First of all, those great distorted tones that you hear on albums aren't actually all that distorted. Start off with your gain at about 12 o'clock. What you should notice is that you're getting the tone of your amp, a good amount of distortion and you'll retain the clarity of your notes. The reason you can't distinguish one note from another when playing at super high gain levels is because distortion is just another form of compression. The term "overdrive" comes from driving an amp past it's limits... When you send a signal into an amp that exceeds it's input level it "clips" off the top of the transients of your guitar signal and when that happens the amp starts to distort. The more you overdrive the input signal the more compression (clipping off the tops and bottoms of your transients) and distortion (input being driven past it's limits) you get. So, yes distortion is good but you also want to keep the sound of your amps tone and your guitar too, so compromise some of that gain and meet halfway in the middle. Now, guitars are midrange instruments... There's no getting around that. Alot of people who want distorted guitars like to "scoop" (or turn down) their mids on their amp. You DO NOT want to do this, because seeing as how guitars are midrange instruments you're essentially cutting out the fundamental frequencies of your guitar. Not only that but it will be hard as hell to get it to sound good in a mix if you have a scooped sound. Ok, so what we have so far is keep the gain down and keep the mids up, eq high's and lows to taste. Now for the speakers... Tube amps sound great when you push them to their limits (hence the invention of the distorted guitar sound) so turn your master volume up! You want to get your power amp tubes cooking and you want to get some speaker excursion (Speaker movement) from your cab/combo. Also, work on your playing chops... playing lightly will give you a weaker output from your guitar which will give you a slightly less distorted sound from your amp and playing hard will give you more distortion, It's worth looking into. And last, mic placement: Different mic placements will give you certain emphasis on certain frequencies, for instance; placing a mic at 90degrees right at the center of the cone will give you defined high's and very little lows... and placing the mic at a 90 degree angle at the edge of the speaker will give you lows but less highs. And as mentioned before, if you pull a mic back about a foot in front of the speaker you will achieve a somewhat balanced representation of all your frequencies. Try experimenting with different mic placements and start out at only 90 degree angles until you get an idea of what you're hearing and then start to experiment with different angles. Also, if you're listening to a 4x12 cab or any configuration of multiple speakers, crank your amp up, play a tune and get down and stick your ear up to your speakers. It might not be pleasant but what you'll get is an idea of how each speaker sounds... Listen for the best sounding speaker to you and mic that one up. I've noticed in my 4x12, I have a speaker that sounds incredibly fizzy and one that sounds chunky and etc. etc.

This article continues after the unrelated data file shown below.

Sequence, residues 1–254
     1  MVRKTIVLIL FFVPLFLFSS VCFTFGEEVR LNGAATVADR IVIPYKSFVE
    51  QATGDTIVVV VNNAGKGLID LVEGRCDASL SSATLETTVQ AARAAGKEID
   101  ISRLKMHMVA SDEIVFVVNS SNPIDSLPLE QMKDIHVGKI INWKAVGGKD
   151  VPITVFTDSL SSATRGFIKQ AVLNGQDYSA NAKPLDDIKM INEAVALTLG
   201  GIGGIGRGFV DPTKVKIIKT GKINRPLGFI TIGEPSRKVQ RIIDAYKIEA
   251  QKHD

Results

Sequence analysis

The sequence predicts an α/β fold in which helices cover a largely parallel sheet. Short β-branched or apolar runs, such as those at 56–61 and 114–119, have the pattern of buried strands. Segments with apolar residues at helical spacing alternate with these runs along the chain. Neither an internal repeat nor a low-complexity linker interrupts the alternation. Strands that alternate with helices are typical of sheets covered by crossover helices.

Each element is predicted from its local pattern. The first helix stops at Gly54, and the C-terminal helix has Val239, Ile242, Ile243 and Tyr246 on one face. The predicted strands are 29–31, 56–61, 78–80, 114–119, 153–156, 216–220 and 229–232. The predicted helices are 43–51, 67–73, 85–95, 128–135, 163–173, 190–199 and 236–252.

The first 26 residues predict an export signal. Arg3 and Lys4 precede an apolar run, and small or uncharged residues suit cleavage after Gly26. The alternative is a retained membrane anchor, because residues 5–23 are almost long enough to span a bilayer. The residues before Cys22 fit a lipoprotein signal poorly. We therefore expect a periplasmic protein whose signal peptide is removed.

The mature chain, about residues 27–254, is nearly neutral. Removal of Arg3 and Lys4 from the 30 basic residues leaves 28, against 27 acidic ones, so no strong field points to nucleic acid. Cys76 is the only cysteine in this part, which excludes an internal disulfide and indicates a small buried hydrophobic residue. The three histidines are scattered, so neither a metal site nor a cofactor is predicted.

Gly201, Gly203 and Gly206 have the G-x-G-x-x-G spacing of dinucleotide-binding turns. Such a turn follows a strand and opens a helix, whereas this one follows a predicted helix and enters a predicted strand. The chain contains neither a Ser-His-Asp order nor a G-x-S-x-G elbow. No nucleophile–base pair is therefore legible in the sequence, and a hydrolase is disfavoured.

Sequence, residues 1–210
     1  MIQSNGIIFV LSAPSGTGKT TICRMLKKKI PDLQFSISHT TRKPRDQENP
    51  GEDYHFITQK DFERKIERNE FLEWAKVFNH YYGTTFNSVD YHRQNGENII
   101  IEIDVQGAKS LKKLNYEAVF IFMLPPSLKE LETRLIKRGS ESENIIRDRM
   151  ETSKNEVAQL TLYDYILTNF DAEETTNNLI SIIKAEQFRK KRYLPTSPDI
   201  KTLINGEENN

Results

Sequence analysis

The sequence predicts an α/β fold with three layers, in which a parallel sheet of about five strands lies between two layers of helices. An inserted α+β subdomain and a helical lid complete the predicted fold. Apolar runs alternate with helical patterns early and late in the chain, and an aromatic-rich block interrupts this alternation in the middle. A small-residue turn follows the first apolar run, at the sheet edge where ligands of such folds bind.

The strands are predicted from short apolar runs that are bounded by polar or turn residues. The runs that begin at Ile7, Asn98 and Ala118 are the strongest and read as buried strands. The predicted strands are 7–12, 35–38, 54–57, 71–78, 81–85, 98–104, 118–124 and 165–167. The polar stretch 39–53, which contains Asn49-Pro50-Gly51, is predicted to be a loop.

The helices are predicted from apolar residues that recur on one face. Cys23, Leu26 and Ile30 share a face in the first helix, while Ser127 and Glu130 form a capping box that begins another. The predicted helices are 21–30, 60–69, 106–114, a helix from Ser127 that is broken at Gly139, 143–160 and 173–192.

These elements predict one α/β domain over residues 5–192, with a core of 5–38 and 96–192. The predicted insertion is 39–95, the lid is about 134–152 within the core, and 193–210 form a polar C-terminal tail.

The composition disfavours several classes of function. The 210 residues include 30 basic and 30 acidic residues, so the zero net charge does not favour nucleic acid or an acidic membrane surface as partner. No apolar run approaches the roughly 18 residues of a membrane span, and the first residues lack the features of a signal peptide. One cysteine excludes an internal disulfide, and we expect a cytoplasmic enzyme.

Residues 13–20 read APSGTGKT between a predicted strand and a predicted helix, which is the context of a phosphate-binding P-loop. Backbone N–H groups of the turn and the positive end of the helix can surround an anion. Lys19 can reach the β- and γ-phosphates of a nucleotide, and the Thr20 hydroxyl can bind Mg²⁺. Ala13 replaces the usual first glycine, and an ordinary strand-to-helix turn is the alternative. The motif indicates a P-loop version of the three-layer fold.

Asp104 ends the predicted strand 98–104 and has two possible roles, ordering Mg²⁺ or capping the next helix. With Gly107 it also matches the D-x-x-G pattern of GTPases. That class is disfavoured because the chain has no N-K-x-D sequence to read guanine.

I found one speaker that I liked the highs on and so I miked up the edge of the cone on that speaker and I found a speaker that I liked the lows on so I miked up the rim of that speaker. Try doing that and try other different mic positions such as a mic 1 ft. away from the speaker and different room mics and try mixing them together until you get a good representation of what your guitar/amp sounds like that you approve of.

Now hit record! :D
I hope this helped... :)
 
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JIMBOdrummer

New member
close micing is ok. its called close micing. if your 57 is getting a bad tone from close up its not the mic or the technique. its one of the most standard ways of doing it.
 

mcmetal

New member
I'm pretty tight budget at the moment but if there's something I think is worth the money I may splurge a little.

Micing an amp isn't much of a solution seeing as I only have a low grade practice amp and an o.k. mic.